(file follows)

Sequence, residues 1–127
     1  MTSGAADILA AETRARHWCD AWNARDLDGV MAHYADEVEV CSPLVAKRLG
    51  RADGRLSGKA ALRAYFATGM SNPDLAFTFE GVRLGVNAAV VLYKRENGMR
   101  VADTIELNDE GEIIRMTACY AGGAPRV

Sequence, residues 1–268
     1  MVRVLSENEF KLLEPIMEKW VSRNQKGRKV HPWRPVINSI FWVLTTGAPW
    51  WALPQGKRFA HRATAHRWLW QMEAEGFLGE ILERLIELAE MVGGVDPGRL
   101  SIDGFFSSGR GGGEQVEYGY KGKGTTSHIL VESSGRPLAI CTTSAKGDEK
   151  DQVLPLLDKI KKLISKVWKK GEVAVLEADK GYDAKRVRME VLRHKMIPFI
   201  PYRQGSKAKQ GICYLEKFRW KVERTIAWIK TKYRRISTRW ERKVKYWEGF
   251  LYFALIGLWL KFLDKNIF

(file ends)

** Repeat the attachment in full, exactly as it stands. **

Sequence, residues 1–127
     1  MTSGAADILA AETRARHWCD AWNARDLDGV MAHYADEVEV CSPLVAKRLG
    51  RADGRLSGKA ALRAYFATGM SNPDLAFTFE GVRLGVNAAV VLYKRENGMR
   101  VADTIELNDE GEIIRMTACY AGGAPRV

Sequence, residues 1–268
     1  MVRVLSENEF KLLEPIMEKW VSRNQKGRKV HPWRPVINSI FWVLTTGAPW
    51  WALPQGKRFA HRATAHRWLW QMEAEGFLGE ILERLIELAE MVGGVDPGRL
   101  SIDGFFSSGR GGGEQVEYGY KGKGTTSHIL VESSGRPLAI CTTSAKGDEK
   151  DQVLPLLDKI KKLISKVWKK GEVAVLEADK GYDAKRVRME VLRHKMIPFI
   201  PYRQGSKAKQ GICYLEKFRW KVERTIAWIK TKYRRISTRW ERKVKYWEGF
   251  LYFALIGLWL KFLDKNIF